Four vessels – RFA Mounts Bay, HMS Tamar, HMS Trent and P&O Ferries’ Pride of Burgundy will also undergo refit works, general maintenance and mobile repairs while alongside in Falmouth.

Busy month

“October will be a very busy month for A&P Falmouth as we have a full house of ships and all aspects of our facility will be in constant operation,” says Andrea Sabbion, Business Development Director at A&P Falmouth. “The arrival of Ro-Ro passenger vessels, container vessels, dredgers, military vessels and tug boats shows the diversity of our expertise and facilities. This also reflects the strength of our order book and a degree of pent up demand caused by the pandemic. Careful pre-planning and schedule management has enabled us to counter some of the challenges of the last few months, particularly in relation to the supply of critical spare parts.

“The team has also adapted quickly to our new stringent HSEQ measures to mitigate the risk of Covid-19 and keep our clients safe. It’s thanks to them that we’ve been able to remain operational for our clients during this time.”

A&P Falmouth is part of A&P Group – a leading provider of ship repair, conversion and marine services and heavy engineering expertise, which operates seven drydocks and extensive fabrication facilities across three strategic locations in the UK.

As one of the leading engineering business in the UK, A&P is  involved in a diverse range of fabrication and repair projects across a broad cross section of sectors including Defence, Marine, Oil and Gas, Subsea, Energy, Civil and Nuclear.  High profile projects have included delivering block build fabrication for the Astute Submarine Class, HMS Queen Elizabeth Aircraft Carriers and RRS Sir David Attenborough, as well as fabricating pontoons and sea fastenings for the offshore wind sector.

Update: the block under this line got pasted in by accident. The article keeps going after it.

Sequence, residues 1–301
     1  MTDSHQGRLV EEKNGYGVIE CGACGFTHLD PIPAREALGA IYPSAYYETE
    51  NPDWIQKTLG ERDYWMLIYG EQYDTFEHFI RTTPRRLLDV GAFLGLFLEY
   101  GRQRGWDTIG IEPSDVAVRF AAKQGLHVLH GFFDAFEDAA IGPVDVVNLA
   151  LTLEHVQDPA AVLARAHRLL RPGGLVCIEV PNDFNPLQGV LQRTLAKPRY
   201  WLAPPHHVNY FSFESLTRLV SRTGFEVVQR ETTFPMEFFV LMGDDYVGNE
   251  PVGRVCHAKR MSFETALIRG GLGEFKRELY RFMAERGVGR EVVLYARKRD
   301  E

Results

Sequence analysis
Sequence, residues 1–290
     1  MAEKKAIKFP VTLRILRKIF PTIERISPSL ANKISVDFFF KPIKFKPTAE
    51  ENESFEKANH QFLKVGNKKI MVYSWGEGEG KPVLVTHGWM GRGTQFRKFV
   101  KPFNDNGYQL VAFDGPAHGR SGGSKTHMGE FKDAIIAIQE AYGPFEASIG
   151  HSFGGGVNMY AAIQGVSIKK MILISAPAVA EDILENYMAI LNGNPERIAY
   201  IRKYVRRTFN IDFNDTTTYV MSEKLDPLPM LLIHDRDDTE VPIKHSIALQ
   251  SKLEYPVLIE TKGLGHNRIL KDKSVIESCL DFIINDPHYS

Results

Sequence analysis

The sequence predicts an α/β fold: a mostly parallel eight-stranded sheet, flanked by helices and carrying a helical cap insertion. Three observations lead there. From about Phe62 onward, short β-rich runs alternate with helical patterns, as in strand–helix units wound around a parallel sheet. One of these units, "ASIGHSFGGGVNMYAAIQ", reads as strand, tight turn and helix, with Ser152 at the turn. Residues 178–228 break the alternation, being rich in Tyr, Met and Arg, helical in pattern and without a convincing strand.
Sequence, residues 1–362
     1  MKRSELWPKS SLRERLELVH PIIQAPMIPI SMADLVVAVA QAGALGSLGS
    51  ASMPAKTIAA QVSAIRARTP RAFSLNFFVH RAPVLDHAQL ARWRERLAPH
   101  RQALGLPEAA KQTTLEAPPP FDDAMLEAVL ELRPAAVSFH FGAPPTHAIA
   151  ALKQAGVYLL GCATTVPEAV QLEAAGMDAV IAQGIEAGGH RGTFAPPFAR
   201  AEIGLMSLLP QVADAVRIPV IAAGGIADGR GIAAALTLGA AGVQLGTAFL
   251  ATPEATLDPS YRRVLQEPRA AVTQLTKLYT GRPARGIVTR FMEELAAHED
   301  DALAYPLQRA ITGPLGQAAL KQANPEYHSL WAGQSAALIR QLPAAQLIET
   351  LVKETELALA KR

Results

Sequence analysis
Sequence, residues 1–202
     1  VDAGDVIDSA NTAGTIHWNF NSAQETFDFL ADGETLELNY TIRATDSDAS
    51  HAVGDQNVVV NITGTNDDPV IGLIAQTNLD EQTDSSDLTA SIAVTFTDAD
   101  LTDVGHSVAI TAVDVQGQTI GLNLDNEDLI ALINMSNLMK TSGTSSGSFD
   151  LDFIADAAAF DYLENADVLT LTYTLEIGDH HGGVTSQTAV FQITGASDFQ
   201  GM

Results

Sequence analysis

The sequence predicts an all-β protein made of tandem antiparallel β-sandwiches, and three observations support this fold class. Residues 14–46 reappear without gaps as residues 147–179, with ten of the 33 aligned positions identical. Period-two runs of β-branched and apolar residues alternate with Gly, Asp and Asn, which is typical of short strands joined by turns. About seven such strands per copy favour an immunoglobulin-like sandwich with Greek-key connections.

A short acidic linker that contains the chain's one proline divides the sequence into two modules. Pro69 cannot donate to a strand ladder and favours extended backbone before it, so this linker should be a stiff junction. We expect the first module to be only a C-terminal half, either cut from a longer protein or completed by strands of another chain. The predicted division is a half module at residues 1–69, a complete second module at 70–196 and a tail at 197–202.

All A&P Group facilities combine a rich heritage of marine and engineering skills and experience, providing a diverse customer base with all the precision skills needed to complete the most demanding projects.

Pole Star arrives at Rosyth

Babcock International, the Aerospace and Defence Company has successfully completed a package of work for the Northern Lighthouse Board following a competitive tender process. NLV Pole Star, a vessel designed to deploy and maintain buoys and respond to wrecks and new dangers to navigation, arrived at Babcock’s Rosyth facility last month for repair, maintenance and safety checks. This follows a similar package of work on sister vessel, NLV Pharos earlier this year. The work builds on a busy period of similar programmes at Rosyth for a growing number of customers.

With its proven track record of delivering engineering excellence coupled, with extensive facilities and capabilities at Rosyth, Babcock provides the ideal support for the Northern Lighthouse Board, the body responsible for the operation of lighthouses and marine navigation aids around the coasts of Scotland and the Isle of Man.